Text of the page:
Supply, demand, and the question of scarcity

25 02 2010

Author: Matt W.

One of the things that I have always found a little bit puzzling about collectors given how much money they spend on cards is how little they seem to understand the basic tenets of microeconomics, i.e. the laws of supply and demand. But then, maybe I shouldn’t be so surprised, given that large sections of the public seem to exhibit little understanding of economics as well.

The biggest mistake I see most collectors make is to assume that scarcity automatically confers value, as if demand does not even enter into the equation. Currently this is manifesting itself primarily in the fetish for 1/1 cards, which although scarce individually, are not overall. For example, there are currently over just under fifty-five hundred different 1/1 cards available for sale on Ebay (yes, that’s not a typo…I said almost 5,500), including 36 different Pujols 1/1’s, 37 different Jeter 1/1’s, 58 different Peyton Manning 1/1’s, 39 different Brett Favre 1/1’s, 77 different Kobe Bryant 1/1’s, 102 different LeBron James 1/1’s, and even 112 different Michael Jordan 1/1’s. So while each individual card may indeed be scarce, it is quite clear that in the aggregate they are not, especially considering that those currently up for sale on Ebay probably represent only a small fraction of those actually in existence.

The question I have for those collectors madly bidding up many of these cards to ridiculous prices is where they think demand for them is going to come from in the future? Those of us who have been collecting for many years have seen many hobby fads both come and go, and know that most cards peak in value immediately after their release and go steadily downhill from there. But what collectors seem to be ignoring is the fact that the overall supply of 1/1 cards, just like any other item that continues to be produced and does not wear out, is only going to increase in the future. This means that the only way that prices can hold steady is if demand continues to keep pace with supply, something that is relatively unlikely to happen. After all, given the impossibility of completing a 1/1 set from a given product, demand isn’t going to come from set collectors. And demand from player collectors is probably also going to weaken over time as they are presented with more and more choices of which 1/1 cards to buy. So the real question becomes one of who is going to want these cards a year or two down the road once new products have been released and demand for the current hot product has waned.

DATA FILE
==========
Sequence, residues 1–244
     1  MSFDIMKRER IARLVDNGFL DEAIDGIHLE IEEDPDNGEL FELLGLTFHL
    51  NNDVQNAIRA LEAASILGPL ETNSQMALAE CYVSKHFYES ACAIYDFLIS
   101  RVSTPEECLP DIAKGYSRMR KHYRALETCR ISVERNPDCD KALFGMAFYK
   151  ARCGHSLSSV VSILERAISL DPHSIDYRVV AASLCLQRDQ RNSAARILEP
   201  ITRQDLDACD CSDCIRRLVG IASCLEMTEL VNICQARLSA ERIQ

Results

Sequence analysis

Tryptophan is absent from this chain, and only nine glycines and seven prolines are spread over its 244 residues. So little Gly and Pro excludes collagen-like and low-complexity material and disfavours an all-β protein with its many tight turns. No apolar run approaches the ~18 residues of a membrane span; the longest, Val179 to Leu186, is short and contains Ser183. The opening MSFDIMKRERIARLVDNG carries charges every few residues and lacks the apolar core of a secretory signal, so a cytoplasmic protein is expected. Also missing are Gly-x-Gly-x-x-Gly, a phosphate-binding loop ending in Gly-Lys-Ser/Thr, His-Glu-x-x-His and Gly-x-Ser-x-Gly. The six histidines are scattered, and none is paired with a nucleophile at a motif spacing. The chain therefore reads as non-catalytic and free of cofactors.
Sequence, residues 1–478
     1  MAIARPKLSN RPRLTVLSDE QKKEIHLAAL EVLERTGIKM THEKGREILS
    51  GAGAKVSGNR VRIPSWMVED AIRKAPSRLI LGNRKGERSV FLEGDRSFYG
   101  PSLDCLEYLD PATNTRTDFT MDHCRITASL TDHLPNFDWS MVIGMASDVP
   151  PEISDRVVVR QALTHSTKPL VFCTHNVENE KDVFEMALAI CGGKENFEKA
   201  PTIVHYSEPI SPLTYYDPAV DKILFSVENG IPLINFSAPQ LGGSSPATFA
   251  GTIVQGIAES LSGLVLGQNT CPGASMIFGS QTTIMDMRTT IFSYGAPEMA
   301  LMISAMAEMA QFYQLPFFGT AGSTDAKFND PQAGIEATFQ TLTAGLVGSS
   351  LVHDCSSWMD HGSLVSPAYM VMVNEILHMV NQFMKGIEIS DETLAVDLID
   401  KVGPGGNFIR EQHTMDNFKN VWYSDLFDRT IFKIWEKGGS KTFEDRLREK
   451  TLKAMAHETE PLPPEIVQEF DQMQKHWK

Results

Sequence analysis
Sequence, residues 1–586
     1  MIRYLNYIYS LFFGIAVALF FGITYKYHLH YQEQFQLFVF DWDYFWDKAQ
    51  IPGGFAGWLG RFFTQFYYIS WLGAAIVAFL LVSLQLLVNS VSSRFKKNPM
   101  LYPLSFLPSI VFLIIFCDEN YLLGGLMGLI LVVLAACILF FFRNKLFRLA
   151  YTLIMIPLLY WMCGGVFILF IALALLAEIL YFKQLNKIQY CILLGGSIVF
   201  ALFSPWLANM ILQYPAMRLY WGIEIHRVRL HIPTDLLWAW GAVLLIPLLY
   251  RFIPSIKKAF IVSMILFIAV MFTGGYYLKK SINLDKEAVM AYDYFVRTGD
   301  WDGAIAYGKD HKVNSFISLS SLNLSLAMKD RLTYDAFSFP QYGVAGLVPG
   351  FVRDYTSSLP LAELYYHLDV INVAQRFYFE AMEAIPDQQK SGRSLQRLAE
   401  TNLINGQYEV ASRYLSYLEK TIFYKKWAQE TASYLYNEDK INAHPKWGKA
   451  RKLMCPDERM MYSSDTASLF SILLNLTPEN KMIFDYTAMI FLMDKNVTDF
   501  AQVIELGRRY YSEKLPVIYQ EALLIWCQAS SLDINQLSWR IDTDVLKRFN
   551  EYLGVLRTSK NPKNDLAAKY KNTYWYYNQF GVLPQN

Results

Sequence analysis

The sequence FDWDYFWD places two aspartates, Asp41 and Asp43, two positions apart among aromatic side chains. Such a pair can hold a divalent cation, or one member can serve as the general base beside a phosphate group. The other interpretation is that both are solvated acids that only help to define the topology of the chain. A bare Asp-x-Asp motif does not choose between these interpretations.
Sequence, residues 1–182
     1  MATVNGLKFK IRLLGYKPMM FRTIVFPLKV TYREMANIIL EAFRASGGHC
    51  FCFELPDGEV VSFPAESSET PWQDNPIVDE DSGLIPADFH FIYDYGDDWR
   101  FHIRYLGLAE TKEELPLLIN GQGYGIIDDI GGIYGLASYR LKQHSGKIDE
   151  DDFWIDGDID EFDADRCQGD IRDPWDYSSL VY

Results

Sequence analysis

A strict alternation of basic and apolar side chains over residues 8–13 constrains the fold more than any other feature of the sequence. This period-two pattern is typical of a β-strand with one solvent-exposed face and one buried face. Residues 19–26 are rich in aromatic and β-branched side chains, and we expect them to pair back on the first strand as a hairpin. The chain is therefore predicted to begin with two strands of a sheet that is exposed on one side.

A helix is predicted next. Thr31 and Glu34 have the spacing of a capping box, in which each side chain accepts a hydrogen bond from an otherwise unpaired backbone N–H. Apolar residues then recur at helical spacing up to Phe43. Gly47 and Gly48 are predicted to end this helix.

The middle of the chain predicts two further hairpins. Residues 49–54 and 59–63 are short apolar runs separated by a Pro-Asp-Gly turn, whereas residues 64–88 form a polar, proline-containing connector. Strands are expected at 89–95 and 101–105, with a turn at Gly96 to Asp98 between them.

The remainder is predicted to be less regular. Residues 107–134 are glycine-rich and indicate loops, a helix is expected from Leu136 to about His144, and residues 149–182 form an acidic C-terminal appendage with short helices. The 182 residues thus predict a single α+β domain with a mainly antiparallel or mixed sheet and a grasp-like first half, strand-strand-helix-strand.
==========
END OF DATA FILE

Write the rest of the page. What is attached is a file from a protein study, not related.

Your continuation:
What’s also not surprising is that collectors of some of the other hot items of the day such as memorabilia and signature cards also seem to have failed to realize that the true supply of the items that they believe are scarce and are therefore paying through the nose for is also for the most part unlimited. Consider that virtually any player currently living, be they a scrub or a HOFer, has not only already signed thousands of items, but barring an untimely death, will sign thousands more items in the future. Most living all-time greats such as Willie Mays, Hank Aaron, Joe Namath, Johnny Unitas, Jim Brown, Kareem Abdul-Jabbar, Wilt Chamberlain, Jerry West, Larry Bird, Magic Johnson, Bill Russell, Gordie Howe, Bobby Orr, Wayne Gretzky, and Mario Lemieux have autographs that can easily be found for around $50. Even now deceased all-time greats such as Ted Williams, Mickey Mantle, and Joe DiMaggio signed so many items before their death that their autographs can be easily found for under $100. Kinda makes you wonder what the guys paying hundreds of dollars for “scarce” signature cards of the next hot rookie are thinking, doesn’t it? And last time I checked, there wasn’t too much of a natural limit on the supply of “xxx-worn” jerseys either, even ones with laundry tags, cool patches, and four-color swatches.

The bottom line is this. The supply of just about anything currently being produced is only going to increase over time, be it 1/1 cards, autographs, or other types of memorabilia cards. Demand for these items, on the other hand, is in most cases going to wane over time. So to all those collectors out these spending hundreds of dollars on supposedly “scarce” cards of the latest hot products and players, ask yourself this: In two or three years (or heck, even in six months), who is going to want the card you just paid hundreds of dollars for badly enough to pay you even more for it?

Just remember that supply is only half the equation…prices are a function of both SUPPLY and DEMAND, not just one or the other.


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29 responses

25 02 2010
Jason Ballew

Amen. I know I posted something about this at some point….

25 02 2010
Newspaperman

I see where you’re going with this, and agree with the logic to a certain point. But I think you failed to consider a few things for yourself.